Rainfall infiltration and soil hydrological characteristics below ancient forest, planted forest, and grassland in a temperate northern climate

Nicole A. L. Archer, Wilfred Otten, Sonja Schmidt, A. Glyn Bengough, Nadeem Shah, Mike Bonell

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    How rainfall infiltration rate and soil hydrological characteristics develop over time under forests of different ages in temperate regions is poorly understood. In this study, infiltration rate and soil hydrological characteristics were investigated under forests of different ages and under grassland. Soil hydraulic characteristics were measured at different scales under a 250-year-old grazed grassland (GL), 6-year-old (6yr) and 48-year-old (48yr) Scots pine (Pinus sylvestris) plantations, remnant 300-year-old individual Scots pine (OT) and a 4000-year-old Caledonian Forest (AF). In situ field-saturated hydraulic conductivity (Kfs) was measured, and visible root:soil area was estimated from soil pits. Macroporosity, pore structure and macropore connectivity were estimated from X-ray tomography of soil cores, and from water-release characteristics.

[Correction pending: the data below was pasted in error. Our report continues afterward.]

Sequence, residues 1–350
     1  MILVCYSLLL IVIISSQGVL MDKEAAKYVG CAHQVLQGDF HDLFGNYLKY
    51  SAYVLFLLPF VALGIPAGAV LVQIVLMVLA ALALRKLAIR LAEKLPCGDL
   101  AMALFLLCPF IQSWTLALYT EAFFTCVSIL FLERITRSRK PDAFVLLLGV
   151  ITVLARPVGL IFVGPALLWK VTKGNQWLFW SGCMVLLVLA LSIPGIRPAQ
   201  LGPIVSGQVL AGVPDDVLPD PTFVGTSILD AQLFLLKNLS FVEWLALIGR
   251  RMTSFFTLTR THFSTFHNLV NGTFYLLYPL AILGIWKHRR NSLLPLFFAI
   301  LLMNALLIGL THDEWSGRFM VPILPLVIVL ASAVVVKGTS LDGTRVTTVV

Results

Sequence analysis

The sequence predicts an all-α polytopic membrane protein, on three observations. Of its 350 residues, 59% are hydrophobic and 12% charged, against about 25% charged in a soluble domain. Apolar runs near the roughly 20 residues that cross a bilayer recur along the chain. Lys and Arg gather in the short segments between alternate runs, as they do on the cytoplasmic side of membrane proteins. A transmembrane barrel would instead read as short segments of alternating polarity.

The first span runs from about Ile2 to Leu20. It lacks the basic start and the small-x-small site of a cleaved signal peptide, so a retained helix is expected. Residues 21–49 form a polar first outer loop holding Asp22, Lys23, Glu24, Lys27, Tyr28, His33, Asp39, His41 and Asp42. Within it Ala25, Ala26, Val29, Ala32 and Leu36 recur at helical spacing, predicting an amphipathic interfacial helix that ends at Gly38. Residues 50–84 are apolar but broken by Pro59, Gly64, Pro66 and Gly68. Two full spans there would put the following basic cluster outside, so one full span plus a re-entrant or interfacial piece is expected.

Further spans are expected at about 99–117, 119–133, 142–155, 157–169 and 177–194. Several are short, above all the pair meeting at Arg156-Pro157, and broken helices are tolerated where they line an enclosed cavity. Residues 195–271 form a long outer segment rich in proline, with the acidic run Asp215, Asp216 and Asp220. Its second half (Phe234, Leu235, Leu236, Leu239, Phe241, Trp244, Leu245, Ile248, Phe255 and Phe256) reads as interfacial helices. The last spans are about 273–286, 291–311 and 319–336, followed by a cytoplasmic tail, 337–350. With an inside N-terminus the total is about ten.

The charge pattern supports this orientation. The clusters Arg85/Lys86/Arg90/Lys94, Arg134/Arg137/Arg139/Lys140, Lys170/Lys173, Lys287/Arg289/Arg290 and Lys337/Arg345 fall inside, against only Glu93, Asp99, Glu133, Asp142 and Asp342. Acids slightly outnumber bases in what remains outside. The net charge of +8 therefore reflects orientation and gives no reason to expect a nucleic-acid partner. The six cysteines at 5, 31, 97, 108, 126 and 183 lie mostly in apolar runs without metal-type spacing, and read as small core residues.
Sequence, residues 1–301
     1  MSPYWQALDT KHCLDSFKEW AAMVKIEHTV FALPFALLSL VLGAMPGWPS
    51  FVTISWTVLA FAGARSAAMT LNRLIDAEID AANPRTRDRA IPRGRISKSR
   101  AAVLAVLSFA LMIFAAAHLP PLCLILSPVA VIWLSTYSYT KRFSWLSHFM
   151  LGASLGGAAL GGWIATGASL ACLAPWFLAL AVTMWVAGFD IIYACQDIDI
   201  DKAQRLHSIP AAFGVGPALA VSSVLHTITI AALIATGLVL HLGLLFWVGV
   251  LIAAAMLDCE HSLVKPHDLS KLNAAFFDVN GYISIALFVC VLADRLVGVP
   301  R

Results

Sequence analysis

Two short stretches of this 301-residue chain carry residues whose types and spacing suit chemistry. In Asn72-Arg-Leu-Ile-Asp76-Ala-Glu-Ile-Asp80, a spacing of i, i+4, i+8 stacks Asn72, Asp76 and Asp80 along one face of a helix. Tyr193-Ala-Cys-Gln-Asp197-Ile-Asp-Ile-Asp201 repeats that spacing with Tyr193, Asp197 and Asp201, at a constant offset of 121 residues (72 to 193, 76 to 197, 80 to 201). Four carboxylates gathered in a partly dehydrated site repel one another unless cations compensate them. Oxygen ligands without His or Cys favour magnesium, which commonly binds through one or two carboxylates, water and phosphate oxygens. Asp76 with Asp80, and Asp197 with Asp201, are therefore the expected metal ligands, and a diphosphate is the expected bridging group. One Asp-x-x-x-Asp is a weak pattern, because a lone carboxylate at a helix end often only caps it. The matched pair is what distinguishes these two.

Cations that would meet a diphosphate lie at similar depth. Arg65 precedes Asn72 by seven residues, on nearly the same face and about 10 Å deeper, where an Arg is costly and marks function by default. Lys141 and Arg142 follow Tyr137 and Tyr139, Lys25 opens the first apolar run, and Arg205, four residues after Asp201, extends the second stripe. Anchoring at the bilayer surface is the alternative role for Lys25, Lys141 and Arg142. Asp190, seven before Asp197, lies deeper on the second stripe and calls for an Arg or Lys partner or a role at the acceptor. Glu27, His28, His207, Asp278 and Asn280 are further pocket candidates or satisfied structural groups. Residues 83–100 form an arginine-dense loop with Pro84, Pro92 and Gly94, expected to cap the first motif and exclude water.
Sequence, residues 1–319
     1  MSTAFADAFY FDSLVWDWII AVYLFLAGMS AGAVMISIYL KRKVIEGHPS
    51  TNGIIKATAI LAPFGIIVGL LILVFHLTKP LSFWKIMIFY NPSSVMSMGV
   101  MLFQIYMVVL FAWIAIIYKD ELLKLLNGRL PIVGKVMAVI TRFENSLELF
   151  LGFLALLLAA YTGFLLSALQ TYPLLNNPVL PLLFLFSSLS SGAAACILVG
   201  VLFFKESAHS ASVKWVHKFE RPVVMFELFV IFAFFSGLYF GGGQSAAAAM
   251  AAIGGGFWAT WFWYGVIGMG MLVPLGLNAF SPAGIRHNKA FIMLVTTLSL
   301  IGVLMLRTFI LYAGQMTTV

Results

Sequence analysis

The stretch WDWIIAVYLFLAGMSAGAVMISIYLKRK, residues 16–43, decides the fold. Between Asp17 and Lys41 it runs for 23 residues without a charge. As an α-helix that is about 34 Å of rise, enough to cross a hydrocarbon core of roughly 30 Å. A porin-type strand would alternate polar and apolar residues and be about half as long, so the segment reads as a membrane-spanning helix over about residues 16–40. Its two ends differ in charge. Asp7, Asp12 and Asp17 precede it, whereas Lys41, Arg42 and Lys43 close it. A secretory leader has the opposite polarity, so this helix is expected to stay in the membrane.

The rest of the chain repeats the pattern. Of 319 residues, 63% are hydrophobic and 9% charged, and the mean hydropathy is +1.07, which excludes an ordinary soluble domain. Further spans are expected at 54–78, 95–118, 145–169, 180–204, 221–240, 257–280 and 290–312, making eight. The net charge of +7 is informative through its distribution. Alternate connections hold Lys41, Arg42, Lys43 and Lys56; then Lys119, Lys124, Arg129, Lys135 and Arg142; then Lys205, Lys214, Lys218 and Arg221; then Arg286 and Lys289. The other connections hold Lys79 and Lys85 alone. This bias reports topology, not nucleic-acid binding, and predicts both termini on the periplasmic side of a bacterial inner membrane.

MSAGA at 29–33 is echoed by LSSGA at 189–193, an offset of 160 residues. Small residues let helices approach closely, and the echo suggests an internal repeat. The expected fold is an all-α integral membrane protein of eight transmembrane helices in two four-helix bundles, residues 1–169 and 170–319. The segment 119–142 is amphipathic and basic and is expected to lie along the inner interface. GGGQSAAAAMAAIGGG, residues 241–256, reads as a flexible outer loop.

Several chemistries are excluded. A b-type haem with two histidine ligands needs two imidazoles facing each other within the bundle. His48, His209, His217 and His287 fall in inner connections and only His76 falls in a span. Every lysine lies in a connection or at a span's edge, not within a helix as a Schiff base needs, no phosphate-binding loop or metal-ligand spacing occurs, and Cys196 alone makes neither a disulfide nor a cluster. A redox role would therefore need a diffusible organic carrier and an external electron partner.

At all scales, the median values for Kfs, root fraction, macroporosity and connectivity values tended to AF > OT > 48yr > GL > 6yr, indicating that infiltration rates and water storage increased with forest age. The remnant Caledonian Forest had a huge range of Kfs (12 to >4922 mm h−1), with maximum Kfs values 7 to 15 times larger than those of 48-year-old Scots pine plantation, suggesting that undisturbed old forests, with high rainfall and minimal evapotranspiration in winter, may act as important areas for water storage and sinks for storm rainfall to infiltrate and transport to deeper soil layers via preferential flow. The importance of the development of soil hydrological characteristics under different aged forests is discussed.
    Original languageEnglish
    Pages (from-to)585-600
    Number of pages16
    Issue number4
    Publication statusPublished - 19 Jun 2015


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